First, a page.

Explained Maintained Produced Shadowed
Filed Managed Programmed Simplified
Folded Marketed Promoted Solicited
Forecasted Minimized Provided Solved
Formed Motivated Publicized Staffed
Founded Negotiated Published Supervised
Generated Obtained Ran Surveyed
Guided Operated Recruited Taught
Handled Organized Removed Tested
Hired Originated Reorganized Trained
Hosted Outreached Reported Tutored
Implemented Oversaw Researched Updated
Improved Participated Resolved Used
WHAT TO INCLUDE IN A RESUME
*Name, address, phone number
Make sure it is a number where a person can leave a message and that the greeting on the voicemail is professional and appropriate.
*School and graduation year
Include any specialized areas such as technical or hospitality programs.
Include any certifications or college courses.
*Fluency and number of years
Do not exaggerate your level of knowledge.
Include any computer programs or systems you are proficient in. Examples include Microsoft Word, Excel, and Powerpoint.
List any other specialized skills that you have that may be related to the jobs you are applying for.
*Name of honor or award and date received
Only include this section if you have received honors or awards. Examples include National Honor Society, Positive Image Award, and Science Fair finalist.
Any activity (paid or unpaid) that provided you with an opportunity to learn or use skills. Examples include afterschool jobs, internships, babysitting, volunteering, and community service.
*Possible headings for this section
Employment Experience, Public Service, Community Service, and Work
*Organization name, location, and position that you held
This section can be arranged chronologically to show your progression or advancement within an organization.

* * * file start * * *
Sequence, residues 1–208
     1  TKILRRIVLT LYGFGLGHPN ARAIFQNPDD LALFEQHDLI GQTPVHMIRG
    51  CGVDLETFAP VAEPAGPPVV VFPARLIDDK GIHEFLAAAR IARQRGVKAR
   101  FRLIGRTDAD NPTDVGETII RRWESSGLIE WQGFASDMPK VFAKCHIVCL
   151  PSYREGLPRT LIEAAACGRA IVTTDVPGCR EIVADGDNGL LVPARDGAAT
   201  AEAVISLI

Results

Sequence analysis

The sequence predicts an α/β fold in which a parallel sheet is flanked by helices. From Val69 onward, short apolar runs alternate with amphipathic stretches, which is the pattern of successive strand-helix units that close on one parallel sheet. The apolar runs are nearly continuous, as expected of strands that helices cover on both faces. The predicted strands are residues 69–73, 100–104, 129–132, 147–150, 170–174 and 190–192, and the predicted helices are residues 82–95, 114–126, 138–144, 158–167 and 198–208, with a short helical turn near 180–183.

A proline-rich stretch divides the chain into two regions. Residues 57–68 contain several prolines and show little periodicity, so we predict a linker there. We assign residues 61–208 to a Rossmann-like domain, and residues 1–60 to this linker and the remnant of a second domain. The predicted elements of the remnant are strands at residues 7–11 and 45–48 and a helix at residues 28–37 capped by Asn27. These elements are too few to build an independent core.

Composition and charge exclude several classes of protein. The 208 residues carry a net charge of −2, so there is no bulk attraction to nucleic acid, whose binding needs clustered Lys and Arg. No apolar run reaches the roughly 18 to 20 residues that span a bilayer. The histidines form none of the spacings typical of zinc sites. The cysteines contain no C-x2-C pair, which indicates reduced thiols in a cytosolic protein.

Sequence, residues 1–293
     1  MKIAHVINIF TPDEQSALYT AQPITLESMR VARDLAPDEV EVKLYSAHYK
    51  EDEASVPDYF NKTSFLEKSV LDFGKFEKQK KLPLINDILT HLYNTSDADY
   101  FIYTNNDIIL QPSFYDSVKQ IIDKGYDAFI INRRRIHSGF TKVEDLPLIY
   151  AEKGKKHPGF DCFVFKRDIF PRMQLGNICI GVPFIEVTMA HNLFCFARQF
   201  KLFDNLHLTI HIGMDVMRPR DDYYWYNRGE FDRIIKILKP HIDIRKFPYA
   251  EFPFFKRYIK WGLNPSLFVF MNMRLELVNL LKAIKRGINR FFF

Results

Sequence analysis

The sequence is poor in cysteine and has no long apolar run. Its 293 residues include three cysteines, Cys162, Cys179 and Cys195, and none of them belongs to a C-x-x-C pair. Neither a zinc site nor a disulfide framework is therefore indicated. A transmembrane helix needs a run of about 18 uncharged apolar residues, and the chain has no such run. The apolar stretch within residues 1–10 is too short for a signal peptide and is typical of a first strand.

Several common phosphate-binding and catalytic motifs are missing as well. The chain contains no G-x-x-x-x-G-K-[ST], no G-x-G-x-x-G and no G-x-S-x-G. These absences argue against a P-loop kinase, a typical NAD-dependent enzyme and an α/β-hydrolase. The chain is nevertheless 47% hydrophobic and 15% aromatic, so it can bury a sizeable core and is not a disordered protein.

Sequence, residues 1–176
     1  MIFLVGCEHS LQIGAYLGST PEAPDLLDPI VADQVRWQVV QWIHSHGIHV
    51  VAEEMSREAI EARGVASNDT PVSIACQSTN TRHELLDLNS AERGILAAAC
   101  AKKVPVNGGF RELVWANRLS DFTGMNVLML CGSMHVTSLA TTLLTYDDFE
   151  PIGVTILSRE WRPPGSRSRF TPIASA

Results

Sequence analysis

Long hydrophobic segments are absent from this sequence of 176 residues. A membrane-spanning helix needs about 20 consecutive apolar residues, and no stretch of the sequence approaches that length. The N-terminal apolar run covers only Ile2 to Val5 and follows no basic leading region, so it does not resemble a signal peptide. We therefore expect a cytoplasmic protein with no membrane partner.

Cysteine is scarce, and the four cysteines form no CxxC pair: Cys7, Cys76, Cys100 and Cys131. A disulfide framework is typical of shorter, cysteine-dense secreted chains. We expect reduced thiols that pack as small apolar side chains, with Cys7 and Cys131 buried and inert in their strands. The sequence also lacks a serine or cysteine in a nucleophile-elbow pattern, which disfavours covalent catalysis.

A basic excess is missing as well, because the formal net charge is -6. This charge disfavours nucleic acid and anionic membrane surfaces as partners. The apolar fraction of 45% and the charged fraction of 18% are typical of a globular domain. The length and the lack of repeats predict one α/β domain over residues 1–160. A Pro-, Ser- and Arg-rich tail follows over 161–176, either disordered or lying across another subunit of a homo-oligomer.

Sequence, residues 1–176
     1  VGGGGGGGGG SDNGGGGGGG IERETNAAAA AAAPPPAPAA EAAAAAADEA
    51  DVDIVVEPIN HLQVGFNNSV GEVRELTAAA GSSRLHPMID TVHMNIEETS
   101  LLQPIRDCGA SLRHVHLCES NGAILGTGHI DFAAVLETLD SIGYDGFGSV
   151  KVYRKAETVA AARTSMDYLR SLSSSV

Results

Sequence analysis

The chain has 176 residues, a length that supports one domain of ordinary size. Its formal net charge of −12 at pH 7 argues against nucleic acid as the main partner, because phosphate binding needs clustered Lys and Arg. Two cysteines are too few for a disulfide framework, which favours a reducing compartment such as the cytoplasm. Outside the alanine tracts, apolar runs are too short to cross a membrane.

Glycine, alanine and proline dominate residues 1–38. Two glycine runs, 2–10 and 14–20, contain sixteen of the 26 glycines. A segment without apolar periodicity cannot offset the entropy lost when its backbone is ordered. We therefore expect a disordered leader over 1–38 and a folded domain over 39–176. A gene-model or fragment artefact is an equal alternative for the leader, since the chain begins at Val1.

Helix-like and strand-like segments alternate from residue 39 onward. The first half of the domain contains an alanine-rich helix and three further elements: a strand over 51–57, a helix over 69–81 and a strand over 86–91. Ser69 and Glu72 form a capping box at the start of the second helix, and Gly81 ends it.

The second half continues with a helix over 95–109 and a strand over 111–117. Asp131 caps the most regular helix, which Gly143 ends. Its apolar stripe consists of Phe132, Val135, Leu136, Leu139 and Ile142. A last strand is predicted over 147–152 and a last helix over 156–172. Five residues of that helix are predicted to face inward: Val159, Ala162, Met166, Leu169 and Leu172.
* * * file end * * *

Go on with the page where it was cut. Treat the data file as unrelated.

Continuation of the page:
List how many weeks, months, seasons, or years you were there.
Include a detailed description of your responsibilities in each position that you held. Do not use “I” in the descriptions. The list of action verbs are particularly helpful and useful here.
Include any activities, clubs, or sports that you participate or participated in for your own personal enjoyment. This can also include volunteer experiences, leadership activities, and committees that you serve on.
*Possible headings for this section
Extracurricular Activities, Personal Interests, School Activities, and
*Activity name and your role
Include the name of the activity or organization and your particular role if you had one.
Include your dates of involvement in each different activity or club.
References can include a former employer, supervisor, school counselor, teacher, coach, youth mentor, etc. You can either list your references along with their contact information (phone number, address, email address, and organization) or you can simply write, “References available upon request.” Always inform your references in advance that they may be contacted.
*Follow up with a thank you letter or note, particularly if you were offered admission or employment.